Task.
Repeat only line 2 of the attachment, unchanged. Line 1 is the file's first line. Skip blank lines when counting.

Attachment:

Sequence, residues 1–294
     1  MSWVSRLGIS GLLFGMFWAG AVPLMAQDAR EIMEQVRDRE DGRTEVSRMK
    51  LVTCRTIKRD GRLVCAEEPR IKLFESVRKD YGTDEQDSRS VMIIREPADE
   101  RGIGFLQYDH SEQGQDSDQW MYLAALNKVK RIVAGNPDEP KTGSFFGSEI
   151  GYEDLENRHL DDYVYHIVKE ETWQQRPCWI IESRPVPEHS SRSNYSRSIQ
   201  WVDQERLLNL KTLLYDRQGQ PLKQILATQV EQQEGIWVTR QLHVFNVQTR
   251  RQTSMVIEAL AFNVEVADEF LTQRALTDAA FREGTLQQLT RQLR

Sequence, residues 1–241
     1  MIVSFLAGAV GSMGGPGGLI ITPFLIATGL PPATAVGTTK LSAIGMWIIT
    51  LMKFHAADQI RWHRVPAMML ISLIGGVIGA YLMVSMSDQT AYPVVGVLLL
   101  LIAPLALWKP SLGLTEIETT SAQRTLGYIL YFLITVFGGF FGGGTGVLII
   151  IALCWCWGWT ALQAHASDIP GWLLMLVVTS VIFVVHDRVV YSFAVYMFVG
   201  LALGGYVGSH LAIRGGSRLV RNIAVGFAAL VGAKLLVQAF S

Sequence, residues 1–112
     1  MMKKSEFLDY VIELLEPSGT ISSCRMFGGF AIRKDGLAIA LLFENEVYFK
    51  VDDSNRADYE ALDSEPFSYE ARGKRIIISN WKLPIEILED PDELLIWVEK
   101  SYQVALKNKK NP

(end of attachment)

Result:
     1  MSWVSRLGIS GLLFGMFWAG AVPLMAQDAR EIMEQVRDRE DGRTEVSRMK